When foreign colleagues build institutions and can set up something and move forward, we think we have no money to live, which is not negligible. That is why you can see abroad that an average mind will make headway. Because there is the institution that will help them and the payment of their taxes and their insurance will not flatten them. We (Greeks) are creative and dutiful, but in Germany, for example, they set better professional boundaries and you can negotiate your pay more easily. Furthermore, when I approached the German Journalists Association, they told me, “you have some German competitors, but we will help you as much as we can.” So they put me in touch with the latter and some collaborations emerged. In Greece, the Journalist Associations are trade unions. Nevertheless, no matter which country you live in, it is good to have a lot of power inside you to defy any difficulties, especially if what you want to do has a business dimension.


"When very bad things were written about Greece and I was getting in touch with correspondents and heads of foreign media – to guide people, by saying “check this too, it is not just the Syntagma Square and the molotovs” that they were showing a lot back then. And so the first articles on Greek entrepreneurship were written."


Elina1

Elina at the Advocate Europe Network Meeting in Maribor. Photo: Olga Zarko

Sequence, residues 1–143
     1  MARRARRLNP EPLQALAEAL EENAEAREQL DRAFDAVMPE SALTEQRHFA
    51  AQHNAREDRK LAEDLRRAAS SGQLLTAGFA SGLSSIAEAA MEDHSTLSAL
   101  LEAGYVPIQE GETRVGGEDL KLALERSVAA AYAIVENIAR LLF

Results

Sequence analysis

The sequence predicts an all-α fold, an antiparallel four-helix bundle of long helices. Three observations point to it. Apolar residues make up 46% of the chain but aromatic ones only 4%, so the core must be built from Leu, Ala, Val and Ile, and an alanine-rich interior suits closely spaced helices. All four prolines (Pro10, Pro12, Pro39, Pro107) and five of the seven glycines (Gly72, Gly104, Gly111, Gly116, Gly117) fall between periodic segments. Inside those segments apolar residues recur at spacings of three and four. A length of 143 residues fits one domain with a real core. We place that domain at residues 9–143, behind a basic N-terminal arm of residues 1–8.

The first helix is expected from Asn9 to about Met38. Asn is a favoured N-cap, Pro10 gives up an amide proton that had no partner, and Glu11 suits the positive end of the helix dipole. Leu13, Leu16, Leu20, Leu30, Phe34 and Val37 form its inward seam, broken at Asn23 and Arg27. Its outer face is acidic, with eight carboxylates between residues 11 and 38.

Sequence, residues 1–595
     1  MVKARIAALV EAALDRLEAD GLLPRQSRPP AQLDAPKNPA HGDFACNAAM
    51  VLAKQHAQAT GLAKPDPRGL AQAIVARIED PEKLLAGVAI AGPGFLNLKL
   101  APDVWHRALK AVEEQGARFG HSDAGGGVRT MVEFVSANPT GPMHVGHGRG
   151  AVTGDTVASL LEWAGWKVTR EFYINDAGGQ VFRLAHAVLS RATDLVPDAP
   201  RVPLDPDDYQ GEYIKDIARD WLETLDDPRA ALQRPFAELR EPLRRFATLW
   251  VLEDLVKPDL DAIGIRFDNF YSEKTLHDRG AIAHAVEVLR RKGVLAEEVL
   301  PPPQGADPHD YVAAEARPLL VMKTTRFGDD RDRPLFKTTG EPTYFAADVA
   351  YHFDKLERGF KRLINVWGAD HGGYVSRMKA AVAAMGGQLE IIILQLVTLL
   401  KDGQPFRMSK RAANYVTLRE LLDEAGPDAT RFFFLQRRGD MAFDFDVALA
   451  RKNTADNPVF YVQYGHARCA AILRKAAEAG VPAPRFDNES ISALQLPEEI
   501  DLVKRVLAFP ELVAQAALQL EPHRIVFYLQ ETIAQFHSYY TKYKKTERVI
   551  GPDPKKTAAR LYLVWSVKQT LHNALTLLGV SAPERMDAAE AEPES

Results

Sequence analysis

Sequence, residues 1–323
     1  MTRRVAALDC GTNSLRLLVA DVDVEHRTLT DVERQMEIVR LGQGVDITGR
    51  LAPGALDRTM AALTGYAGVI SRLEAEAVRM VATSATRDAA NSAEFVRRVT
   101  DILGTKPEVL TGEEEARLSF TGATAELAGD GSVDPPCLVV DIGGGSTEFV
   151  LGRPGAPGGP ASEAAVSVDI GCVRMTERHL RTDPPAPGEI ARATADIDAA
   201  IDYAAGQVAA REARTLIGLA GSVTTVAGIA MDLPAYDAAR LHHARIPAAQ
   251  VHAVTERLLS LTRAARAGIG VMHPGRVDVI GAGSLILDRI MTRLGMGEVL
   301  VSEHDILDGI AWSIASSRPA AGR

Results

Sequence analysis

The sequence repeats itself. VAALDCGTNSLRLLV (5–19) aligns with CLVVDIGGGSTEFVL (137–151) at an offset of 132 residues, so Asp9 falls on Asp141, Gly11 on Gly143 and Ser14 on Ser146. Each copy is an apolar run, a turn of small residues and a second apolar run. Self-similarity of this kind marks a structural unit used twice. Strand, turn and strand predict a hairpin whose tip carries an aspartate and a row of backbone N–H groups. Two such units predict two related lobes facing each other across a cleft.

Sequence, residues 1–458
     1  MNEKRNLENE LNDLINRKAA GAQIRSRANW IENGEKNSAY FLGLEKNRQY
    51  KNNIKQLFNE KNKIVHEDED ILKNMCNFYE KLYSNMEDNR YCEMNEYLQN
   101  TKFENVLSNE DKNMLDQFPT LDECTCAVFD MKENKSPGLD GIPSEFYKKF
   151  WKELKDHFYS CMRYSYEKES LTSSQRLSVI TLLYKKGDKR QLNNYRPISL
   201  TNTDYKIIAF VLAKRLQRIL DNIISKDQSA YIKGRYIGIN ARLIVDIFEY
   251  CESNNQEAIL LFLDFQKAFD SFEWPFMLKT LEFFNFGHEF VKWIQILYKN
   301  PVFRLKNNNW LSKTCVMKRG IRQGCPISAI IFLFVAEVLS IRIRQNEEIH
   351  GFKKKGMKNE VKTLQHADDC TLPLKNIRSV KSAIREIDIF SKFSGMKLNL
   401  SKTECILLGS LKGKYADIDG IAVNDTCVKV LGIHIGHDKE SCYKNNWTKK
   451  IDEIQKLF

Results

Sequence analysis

Do you think this is the solution for European journalism?

I have always believed that the solution to European journalism is cross-border journalism. I do not think we need another big newspaper. Because take into account that a correspondent responds to the medium with which they work, not to the people of the country where they are based. Furthermore, I have always believed that the solution to European journalism has an approach that puts emphasis on the network. This is the reason why, together with Prune Antoine we are currently undertaking a cross-border project, Sisters of Europe, a European reportage that deals with women’s position in society. We want to make portraits of women from different countries of Europe, because the position of a woman in a society has consequences for society itself, something that is also proven historically. Unfortunately, however, it is not easy to fund such projects, because as you can see, agencies also have other services that support their journalistic activity. For example, Reuters is the world’s largest financial data provider, and Bloomberg is a software company and makes money from terminals (software systems).